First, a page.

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Life in the Provinces

These images are taken from Wills's Cigarettes of England.  They were issued by the Imperial Tobacco Co of Great Britain and Ireland. 1914

Salmon Cannery, Fraser River
British Columbia, with its 7,000 miles of coastline, and its 220,000 sq. miles of fresh water lakes, is one of the largest and most prolific fishing grounds in the world. The total output of fish for 1911 was valued at 11 million dollars, the number of men employed being over 17,000. In the fishing season the waters of the Fraser River for miles are covered with hundreds of boats attached to the fishing fleet.

Salmon Cannery, British Columbia
To encourage the fishing industry and prevent the depletion of the rivers, the depletion of the rivers, the Dominion Government has established fish hatcheries for the artificial propagation of salmon. The canneries on the Fraser R. are fully equipped with large cold storage plants, and labor saving machinery such as the "Iron Chink," for cleaning and cutting the fish. The Fraser R. canneries can deal with ten million salmon per year.

Drying Cod
The fishing grounds off the Atlantic Coast of North America provide employment for some 30,000 persons during the summer months. On the shores of the picturesque fiords of Labrador the fish are cleaned and cured with salt. They are then spread on "stages" and exposed to the action of sun and wind. The "stages" are hurdles covered with boughs of fir or spruce, and supported on strong stakes some feet above the ground.

A Brick Yard
The extraordinary agricultural development of Western Canada has called into being hundreds of new settlements. At first these are merely collections of wooden shanties, but these rough structures in a short time become quite inadequate. Brickyards are started where suitable clay can be found, and then commences a busy time making the bricks to be used for the more substantial buildings required for the rapidly growing towns.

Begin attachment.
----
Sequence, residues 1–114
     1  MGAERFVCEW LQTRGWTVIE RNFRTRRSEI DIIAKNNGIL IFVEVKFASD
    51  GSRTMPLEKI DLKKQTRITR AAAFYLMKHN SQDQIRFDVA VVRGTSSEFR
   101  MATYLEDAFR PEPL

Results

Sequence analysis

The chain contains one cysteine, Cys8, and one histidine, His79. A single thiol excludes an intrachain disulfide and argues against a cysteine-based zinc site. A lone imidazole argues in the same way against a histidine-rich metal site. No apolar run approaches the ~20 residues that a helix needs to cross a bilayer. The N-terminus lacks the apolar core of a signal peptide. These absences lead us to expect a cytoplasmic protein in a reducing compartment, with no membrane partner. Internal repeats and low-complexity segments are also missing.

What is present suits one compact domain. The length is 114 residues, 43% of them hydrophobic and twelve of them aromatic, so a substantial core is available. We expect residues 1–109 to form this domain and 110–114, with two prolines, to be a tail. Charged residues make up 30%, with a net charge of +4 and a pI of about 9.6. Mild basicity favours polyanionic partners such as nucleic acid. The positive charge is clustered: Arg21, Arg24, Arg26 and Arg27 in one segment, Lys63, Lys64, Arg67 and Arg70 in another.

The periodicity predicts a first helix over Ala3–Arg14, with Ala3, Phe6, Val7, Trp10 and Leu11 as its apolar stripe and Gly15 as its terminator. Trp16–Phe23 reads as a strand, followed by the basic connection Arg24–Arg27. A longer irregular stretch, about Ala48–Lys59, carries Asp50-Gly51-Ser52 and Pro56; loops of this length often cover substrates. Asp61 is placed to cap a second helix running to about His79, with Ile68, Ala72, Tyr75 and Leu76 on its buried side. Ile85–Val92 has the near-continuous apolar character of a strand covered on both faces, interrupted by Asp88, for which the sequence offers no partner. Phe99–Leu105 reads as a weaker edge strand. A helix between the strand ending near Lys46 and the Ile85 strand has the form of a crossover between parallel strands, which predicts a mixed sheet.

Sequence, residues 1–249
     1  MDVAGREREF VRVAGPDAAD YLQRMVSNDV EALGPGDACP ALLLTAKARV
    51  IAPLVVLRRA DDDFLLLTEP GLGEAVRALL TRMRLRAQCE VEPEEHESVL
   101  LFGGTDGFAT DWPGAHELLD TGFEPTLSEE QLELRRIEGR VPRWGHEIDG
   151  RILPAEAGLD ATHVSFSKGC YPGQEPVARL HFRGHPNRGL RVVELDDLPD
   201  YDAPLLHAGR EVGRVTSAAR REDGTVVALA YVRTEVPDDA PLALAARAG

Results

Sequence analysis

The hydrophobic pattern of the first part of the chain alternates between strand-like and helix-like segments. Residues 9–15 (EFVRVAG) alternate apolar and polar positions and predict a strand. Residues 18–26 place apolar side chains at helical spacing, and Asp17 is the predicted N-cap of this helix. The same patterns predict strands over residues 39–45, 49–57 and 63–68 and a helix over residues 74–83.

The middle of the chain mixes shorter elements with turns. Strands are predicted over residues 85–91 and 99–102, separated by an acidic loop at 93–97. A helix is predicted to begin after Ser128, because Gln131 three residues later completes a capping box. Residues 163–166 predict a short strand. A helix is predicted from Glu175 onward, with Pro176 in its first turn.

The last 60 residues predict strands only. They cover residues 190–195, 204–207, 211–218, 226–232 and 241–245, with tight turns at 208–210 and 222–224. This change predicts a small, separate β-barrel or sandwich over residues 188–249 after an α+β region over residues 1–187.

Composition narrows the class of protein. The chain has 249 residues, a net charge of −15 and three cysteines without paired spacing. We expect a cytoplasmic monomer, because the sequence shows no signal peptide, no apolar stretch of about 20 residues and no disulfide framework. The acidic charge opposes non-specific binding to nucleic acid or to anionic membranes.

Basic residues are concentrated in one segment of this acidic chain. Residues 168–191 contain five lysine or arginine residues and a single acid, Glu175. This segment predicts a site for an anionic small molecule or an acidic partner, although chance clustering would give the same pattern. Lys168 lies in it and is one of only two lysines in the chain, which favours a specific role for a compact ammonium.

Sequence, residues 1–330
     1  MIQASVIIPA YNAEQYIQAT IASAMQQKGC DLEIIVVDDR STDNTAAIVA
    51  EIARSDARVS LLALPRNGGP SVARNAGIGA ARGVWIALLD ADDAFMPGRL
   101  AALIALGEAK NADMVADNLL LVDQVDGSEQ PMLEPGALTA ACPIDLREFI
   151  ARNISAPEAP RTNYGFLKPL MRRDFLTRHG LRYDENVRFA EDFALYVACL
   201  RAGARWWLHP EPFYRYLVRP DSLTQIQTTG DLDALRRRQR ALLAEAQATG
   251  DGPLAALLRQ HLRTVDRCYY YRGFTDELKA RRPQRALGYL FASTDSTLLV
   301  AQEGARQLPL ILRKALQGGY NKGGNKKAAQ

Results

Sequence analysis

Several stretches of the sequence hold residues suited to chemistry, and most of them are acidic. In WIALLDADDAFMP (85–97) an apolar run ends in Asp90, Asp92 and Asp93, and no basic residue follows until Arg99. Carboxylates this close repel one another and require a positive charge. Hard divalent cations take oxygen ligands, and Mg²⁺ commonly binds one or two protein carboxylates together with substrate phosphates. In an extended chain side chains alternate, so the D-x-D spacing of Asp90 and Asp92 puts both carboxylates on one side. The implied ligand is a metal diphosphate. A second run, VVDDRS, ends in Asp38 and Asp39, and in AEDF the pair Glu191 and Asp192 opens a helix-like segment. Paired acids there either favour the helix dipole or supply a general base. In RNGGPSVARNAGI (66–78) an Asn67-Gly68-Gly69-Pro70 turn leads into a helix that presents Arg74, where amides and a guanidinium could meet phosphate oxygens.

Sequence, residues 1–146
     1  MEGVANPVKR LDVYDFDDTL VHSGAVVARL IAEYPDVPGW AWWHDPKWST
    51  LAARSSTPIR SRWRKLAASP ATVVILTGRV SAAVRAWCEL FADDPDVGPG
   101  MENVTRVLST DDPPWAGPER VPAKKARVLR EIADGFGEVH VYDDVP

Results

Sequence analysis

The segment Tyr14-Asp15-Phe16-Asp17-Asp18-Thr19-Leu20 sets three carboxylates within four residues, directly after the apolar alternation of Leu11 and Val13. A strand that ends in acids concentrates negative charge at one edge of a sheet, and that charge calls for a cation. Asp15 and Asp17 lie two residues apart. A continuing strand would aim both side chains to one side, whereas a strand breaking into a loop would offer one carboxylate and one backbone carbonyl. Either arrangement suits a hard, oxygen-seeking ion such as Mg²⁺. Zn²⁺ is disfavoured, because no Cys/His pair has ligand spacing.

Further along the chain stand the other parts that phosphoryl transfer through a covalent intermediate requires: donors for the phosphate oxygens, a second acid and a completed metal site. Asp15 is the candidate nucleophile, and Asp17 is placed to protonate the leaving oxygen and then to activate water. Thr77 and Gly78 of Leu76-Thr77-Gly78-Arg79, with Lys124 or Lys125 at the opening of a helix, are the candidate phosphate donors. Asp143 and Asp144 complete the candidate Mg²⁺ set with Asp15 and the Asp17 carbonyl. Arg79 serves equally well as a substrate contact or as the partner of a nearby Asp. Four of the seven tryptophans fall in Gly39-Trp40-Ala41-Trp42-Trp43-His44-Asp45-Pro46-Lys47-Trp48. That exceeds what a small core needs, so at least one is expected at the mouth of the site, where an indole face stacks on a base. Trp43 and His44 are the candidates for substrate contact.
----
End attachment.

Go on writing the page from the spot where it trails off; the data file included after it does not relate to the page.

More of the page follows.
Timber Raft
Our picture shows a typical lumber raft on one for the great Canadian waterways. Some of these rafts are half-a-mile in length, and contain as much as 90,000 worth of timber. The lumbermen for lumberjacks as they are termed, are mostly French Canadians, though many Swedes and Scots are to be found among them. These men live on the raft in rough shanties built of wood.

Grain Elevator, Fort William
At Fort William, on Lake superior, is the largest grain-elevator of its kind in the world, with storage capacity of 40 million bushels. Fort William is the "gate-way of Canada,: for through this great lake port all grain and produce of W. Canada must pass on its way east. It is also the lake terminus of three railways-the Grand Trunk Pacific, the Canadian Pacific, and the Canadian Northern.

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